However, even after people have made the decision to adopt a child, it is not always easy to actually finalize the adoption. There is a legal process that one must go through before an adoption can be official. This process starts with filing a petition in court. In the petition the people seeking to adopt must provide certain information to be valid.

Difference between mediation and collaborative divorce

There are many way that people in Illinois resolve disputes. Some will yell at other people, some will want to argue or fight about it and other will want to sit down and discuss the matter to reach a resolution. This is true for minor disagreements and life-changing disputes such as a divorce. Some people will want to fight throughout the divorce through litigation and ultimately have a judge make decisions. Others will want to try and work out the issues between themselves and avoid litigation.

People who want to try and resolve the issues themselves have a couple different options on how to proceed. One is to go to mediation and see if a mediator can help the couple work through any disagreements. Another is through a collaborative divorce, which is a process where the couple and their attorneys work towards a resolution together. Both of these processes do not involve litigation and require both parties to be willing to work together to reach a resolution, but there are differences between them as well.

Creating a parenting plan for children with special needs

Divorce in itself is one of the most difficult life experiences you may endure in your lifetime. However, when there is a child with special needs in the middle, divorce can be even more stressful. 

In making sure your child's needs are met during and after the divorce, there is a lot to consider. Creating a detailed parenting arrangement is essential to protect a child with special needs during a divorce. 

Basic requirements for starting a divorce in Illinois

Couples in Illinois go through high and lows. The marriages that work are able to work through the lows, but not every couple is able to do that. These couples may know that the marriage is over, but in order to actually end the marriage, they must get divorced. This is what happens after all the issues have been decided and a judge signs the divorce decree, but the divorce process must first be initiated before that can occur.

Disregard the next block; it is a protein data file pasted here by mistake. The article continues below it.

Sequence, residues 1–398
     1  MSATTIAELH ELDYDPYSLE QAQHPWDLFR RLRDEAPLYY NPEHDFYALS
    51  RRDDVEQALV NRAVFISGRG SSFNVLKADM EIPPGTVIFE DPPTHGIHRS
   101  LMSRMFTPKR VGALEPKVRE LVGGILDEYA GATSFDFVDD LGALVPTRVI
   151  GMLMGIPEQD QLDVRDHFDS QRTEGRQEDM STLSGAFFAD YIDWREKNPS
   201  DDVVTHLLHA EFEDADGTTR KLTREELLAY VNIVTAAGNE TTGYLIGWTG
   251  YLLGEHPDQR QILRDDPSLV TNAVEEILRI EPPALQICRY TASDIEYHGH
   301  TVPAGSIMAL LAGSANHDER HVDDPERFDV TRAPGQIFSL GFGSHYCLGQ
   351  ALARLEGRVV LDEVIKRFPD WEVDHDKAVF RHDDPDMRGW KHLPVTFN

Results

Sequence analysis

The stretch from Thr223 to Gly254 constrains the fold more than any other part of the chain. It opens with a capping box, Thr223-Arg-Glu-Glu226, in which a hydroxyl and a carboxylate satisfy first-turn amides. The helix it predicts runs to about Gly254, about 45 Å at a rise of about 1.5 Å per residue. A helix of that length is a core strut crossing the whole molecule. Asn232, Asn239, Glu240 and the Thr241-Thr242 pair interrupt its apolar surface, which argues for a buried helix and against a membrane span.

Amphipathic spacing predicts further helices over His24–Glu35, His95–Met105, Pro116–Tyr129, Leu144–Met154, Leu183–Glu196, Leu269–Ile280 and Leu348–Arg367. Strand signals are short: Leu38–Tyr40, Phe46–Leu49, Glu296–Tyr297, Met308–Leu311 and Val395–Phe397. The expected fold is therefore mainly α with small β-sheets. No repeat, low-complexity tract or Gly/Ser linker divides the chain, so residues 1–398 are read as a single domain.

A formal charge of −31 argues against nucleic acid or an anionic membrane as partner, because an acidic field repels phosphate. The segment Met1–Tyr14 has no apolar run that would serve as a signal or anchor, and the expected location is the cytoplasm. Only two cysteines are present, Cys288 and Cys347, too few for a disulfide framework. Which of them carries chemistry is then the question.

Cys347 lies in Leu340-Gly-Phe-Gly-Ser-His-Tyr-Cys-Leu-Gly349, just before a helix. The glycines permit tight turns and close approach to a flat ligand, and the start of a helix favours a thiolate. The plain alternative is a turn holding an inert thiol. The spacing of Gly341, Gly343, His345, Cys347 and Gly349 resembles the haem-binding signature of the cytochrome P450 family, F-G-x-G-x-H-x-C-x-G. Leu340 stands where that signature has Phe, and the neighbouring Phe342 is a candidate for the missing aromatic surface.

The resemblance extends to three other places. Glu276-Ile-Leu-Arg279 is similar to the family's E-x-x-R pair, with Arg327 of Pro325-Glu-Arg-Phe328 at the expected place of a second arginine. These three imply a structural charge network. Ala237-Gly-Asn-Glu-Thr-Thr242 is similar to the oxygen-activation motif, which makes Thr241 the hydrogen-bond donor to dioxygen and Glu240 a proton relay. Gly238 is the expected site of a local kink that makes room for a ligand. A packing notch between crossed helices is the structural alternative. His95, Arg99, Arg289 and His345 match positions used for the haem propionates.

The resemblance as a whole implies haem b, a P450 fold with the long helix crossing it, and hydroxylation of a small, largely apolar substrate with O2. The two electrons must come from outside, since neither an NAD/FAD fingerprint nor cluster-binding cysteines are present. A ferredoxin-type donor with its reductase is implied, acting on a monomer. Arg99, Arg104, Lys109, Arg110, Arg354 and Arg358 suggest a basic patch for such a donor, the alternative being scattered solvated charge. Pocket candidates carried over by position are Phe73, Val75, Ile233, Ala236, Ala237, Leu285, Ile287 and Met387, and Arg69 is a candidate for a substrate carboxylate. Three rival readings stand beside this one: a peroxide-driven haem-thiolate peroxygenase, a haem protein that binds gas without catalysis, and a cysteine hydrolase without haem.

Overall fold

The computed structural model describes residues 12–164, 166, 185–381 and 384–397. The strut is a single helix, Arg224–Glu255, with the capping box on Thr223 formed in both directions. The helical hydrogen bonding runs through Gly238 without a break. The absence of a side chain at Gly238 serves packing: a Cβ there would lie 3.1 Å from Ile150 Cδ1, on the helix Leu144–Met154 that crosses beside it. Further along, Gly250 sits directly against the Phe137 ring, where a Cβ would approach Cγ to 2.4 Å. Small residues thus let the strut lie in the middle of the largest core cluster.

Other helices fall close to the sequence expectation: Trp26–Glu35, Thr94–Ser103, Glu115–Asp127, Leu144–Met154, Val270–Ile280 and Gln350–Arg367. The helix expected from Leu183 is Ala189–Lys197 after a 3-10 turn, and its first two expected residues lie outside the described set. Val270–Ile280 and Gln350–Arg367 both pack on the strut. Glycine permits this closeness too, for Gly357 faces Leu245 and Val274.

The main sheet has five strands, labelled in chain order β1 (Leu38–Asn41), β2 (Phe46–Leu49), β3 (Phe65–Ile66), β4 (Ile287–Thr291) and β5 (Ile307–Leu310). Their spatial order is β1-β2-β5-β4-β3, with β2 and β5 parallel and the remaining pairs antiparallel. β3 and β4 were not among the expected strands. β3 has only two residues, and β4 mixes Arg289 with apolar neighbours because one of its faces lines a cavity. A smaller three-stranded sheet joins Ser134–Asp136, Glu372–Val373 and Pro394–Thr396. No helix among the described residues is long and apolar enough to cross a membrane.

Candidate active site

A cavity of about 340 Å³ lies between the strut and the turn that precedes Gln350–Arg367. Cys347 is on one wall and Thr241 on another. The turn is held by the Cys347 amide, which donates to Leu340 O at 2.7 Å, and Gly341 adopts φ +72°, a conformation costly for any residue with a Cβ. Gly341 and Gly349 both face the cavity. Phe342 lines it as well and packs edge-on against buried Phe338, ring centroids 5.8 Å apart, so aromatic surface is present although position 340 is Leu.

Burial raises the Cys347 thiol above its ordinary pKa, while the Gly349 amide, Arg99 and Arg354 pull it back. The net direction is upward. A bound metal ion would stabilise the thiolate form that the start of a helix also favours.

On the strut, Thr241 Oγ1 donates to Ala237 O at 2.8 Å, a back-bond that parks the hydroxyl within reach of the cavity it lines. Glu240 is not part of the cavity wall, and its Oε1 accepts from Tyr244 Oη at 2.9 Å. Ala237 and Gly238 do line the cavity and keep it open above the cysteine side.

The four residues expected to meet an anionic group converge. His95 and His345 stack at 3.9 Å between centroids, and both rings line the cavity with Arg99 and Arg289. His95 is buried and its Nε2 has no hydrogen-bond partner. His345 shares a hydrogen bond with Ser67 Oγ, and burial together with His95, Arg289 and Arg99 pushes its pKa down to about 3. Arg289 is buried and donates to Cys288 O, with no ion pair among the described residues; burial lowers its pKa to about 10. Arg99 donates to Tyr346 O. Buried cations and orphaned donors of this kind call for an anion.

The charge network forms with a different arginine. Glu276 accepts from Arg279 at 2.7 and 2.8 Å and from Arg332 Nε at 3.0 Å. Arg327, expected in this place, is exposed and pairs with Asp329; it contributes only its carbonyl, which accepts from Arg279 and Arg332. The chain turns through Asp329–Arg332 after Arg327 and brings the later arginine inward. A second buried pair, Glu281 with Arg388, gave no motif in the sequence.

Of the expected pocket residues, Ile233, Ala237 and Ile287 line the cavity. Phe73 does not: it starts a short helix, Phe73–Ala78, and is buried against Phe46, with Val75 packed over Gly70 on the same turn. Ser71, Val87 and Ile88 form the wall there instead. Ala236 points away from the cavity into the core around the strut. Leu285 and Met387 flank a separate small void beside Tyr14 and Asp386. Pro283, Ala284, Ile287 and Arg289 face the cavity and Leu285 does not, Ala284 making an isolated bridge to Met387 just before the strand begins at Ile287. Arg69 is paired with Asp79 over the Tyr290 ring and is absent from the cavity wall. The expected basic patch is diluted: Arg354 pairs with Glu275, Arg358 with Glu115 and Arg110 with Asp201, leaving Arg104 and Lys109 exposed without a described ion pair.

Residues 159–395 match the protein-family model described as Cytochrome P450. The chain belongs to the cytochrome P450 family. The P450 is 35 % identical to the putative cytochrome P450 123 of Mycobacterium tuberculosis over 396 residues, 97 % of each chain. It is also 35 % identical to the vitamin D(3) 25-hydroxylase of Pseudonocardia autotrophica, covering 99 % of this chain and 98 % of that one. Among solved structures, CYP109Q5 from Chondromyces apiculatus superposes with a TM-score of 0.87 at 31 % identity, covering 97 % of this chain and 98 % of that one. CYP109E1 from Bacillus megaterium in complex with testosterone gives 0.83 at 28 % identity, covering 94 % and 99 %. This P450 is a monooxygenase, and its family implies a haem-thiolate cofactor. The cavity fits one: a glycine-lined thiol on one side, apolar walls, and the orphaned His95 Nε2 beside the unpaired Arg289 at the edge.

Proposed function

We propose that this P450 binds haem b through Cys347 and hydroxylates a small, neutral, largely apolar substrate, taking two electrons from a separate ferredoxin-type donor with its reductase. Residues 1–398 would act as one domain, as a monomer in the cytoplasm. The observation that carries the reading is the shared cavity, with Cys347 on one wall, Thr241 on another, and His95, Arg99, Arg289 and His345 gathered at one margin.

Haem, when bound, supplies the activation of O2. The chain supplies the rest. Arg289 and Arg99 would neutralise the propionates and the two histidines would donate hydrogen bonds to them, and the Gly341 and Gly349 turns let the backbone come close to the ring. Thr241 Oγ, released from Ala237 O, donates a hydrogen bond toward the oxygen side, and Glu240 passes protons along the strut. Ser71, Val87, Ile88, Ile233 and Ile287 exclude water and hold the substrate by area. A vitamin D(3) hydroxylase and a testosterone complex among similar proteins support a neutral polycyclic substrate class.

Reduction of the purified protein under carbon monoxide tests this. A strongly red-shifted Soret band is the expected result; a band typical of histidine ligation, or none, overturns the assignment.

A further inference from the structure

Either spouse can start the divorce process, but there are certain requirements that must be met first. The first is that they must be a resident in the state of Illinois and live there for at least 90 days before the divorce is finalized. The second is that irreconcilable differences have caused an irretrievable breakdown in the marriage. While this can mean a number of different things there is a presumption that this has occurred if the couple lived separate for at least six months prior to commencement of the divorce.

What is considered "non-marital property" in Illinois?

While people are married, they technically share everything whether they realize it or not. Most income, property, retirement accounts and other assets that are obtained during the marriage are considered "marital property." This means that even if the assets are held in separate accounts, with only one spouse's name on it, or if property is only owned by one party, that both parties still have a right to that property. This does not usually become an issue until a couple is going through a divorce and the couple begins the process of the division of assets.

One of the first steps in dividing assets in a divorce is determining which assets are marital and which are non-marital. Generally, anything acquired by one spouse prior to the marriage is considered non-marital property. However, in many situations, people do not always close their accounts when they get married and retirement accounts such as 401(k)s and IRAs usually remain in one spouse's name. So, these accounts or other types of property may have a portion that is marital and a portion that is non-marital.